IDG’S CIO Magazine and CIO Executive Council(TM) Present the Ideal CIO Job Description in Annual State of the CIO Issue Issue Also Examines the State of CIOs Around the World
FRAMINGHAM, MA – APRIL 1, 2005 – In the 2005 State of the CIO issue, CIO magazine, in collaboration with the CIO Executive Council, presents the most current and comprehensive description of the "ideal" chief information officer (CIO) job posting. Crafted by CIO editors and the CIO Executive Council, with input from council members and leading recruiters, the ideal CIO job description includes such responsibilities as working closely with key business leaders to prioritize business initiatives that leverage technology as well as selecting, approving and managing all major procured information technology (IT) products and services. The ideal CIO requires a technology background with experience in both IT infrastructure and applications development, complemented by demonstrated business knowledge.
The newly released job posting also provides guidelines for performance measurement and compensation directly related to the IT organization's performance and overall business unit success.
"The CIO role evolved and changed during the past decade to accommodate the changing face of business and the economy," says Mark Hall, General Manager of the CIO Executive Council and CIO of CXO Media (parent company of CIO magazine and the Council). "Faced with compliance issues, competitive threats and an endless influx of new technology tools, CIOs are driving business decisions more than ever before. Given this new reality, we believe it is an important time to re-examine the ideal job description and provide a new version to our members, as well as the readers of CIO magazine."
The 2005 State of the CIO issue also examines the role of CIOs outside the United States and offers analysis on where the role is similar and where it differs.
* CIOs in Canada spend most of their time meeting with IT vendors and non-
IT business partners. They seem further ahead in getting their business
counterparts to share accountability for IT investments.
* While fewer IT executives in Germany hold a C-level title, (49% vs. 24%
in the U.S.), they focus more on business strategy than do their U.S.
* CIOs in Japan report their companies allocate a larger percentage of
revenues to IT. They spend the extra money on new systems and
applications such as web services and open source.
"The 2005 State of the CIO issue provides a 360-degree view of the CIO position," says Abbie Lundberg, editor in chief, CIO magazine. "At the highest level, we compare the role as it exists in numerous countries around the world. We have also created the ideal CIO job spec, based on hundreds of interviews and detailed analysis of our research. Finally, we take a deep dive into the lives and realities of three typical CIOs. In this way, we are providing IT leaders with the tools to benchmark their own positions against broad trends, a detailed ideal, and some very specific realities."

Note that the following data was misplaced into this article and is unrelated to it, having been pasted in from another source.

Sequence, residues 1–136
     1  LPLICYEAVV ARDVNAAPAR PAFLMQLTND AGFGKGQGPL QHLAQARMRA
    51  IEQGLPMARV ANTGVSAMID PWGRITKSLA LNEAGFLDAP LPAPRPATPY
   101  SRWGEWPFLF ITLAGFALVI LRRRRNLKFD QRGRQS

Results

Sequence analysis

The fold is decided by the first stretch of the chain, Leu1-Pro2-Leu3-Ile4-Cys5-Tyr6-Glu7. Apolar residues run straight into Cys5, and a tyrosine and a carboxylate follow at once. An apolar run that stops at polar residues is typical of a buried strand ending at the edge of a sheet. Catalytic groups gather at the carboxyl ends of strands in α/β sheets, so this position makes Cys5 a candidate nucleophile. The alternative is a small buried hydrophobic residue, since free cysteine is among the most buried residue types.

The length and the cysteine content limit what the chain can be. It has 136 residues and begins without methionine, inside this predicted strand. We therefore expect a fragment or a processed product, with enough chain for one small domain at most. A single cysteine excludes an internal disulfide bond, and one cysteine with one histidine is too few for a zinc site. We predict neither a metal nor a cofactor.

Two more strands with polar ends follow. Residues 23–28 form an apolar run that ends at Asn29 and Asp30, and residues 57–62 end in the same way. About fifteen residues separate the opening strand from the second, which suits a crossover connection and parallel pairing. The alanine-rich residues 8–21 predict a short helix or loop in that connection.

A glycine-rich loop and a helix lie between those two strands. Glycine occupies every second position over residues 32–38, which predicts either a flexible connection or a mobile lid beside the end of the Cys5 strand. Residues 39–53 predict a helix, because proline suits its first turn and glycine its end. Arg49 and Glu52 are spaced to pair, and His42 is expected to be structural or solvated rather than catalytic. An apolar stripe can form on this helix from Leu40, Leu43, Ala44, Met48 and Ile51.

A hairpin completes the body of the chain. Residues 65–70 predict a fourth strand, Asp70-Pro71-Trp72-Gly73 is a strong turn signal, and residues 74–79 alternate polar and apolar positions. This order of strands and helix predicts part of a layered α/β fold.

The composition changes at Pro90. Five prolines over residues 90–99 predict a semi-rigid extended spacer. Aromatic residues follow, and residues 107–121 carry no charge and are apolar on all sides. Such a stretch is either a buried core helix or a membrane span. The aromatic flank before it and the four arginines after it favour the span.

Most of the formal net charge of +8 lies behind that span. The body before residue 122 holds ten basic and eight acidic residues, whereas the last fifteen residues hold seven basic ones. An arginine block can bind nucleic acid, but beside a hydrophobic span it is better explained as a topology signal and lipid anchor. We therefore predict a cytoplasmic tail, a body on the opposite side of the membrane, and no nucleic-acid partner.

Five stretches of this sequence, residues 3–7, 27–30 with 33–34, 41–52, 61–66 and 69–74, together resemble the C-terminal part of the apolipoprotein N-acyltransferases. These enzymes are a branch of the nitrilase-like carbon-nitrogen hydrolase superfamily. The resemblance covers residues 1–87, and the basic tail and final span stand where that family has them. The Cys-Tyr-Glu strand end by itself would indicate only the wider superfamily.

Complete coverage of the 2005 State of the CIO issue is available in the April 1 issue or at http://www.cio.com/ .
Launched in 1987, CIO magazine addresses issues vital to the success of chief information officers (CIOs) worldwide. The CIO portfolio includes a companion website ( http://www.cio.com/ ), CIO Executive Programs and the CIO Executive Council. CIO properties provide technology and business leaders with analysis and insight on information technology trends and a keen understanding of IT's role in achieving business goals. The U.S. edition of the magazine and website are recipients of 140 awards to date, including two Grand Neals from the Jesse H. Neal National Business Journalism Awards and two Magazine of the Year awards from the National Society of Business Publication Editors. CIO magazine is published in more than a dozen countries, including Australia, Canada, China, France and Germany. CIO Executive Programs — a series of face-to-face conferences including CIO Perspectives and the CIO 100 Awards provide educational and networking opportunities for pre-qualified corporate and government leaders. The CIO Executive Council is a professional organization of CIOs created to achieve lasting change in critical industry, academic, media and governmental groups. CIO magazine, CIO.com, and CIO Executive Programs, and the CIO Executive Council are produced by International Data Group's award-winning business unit: CXO Media Inc.
About CXO Media
CXO Media Inc. produces award-winning media properties and executive programs for corporate officers who use technology to thrive and prosper in this new era of business, including CIO, CMO, CSO magazines and websites, Darwinmag.com and the CIO Executive Council. CXO Media is a subsidiary of International Data Group (IDG), the world's leading technology media, research and event company. A privately-held company, IDG publishes more than 300 magazines and newspapers including Bio-IT World, CIO, CSO, Computerworld, GamePro, InfoWorld, Network World, and PC World. The company features the largest network of technology-specific websites with more than 400 around the world. IDG is also a leading producer of more than 170 computer-related events worldwide including LinuxWorld Conference & Expo(R), Macworld Conference & Expo(R), DEMO(R), and IDC Directions. IDC provides global market research and advice through offices in 50 countries. Company information is available at http://www.idg.com/ .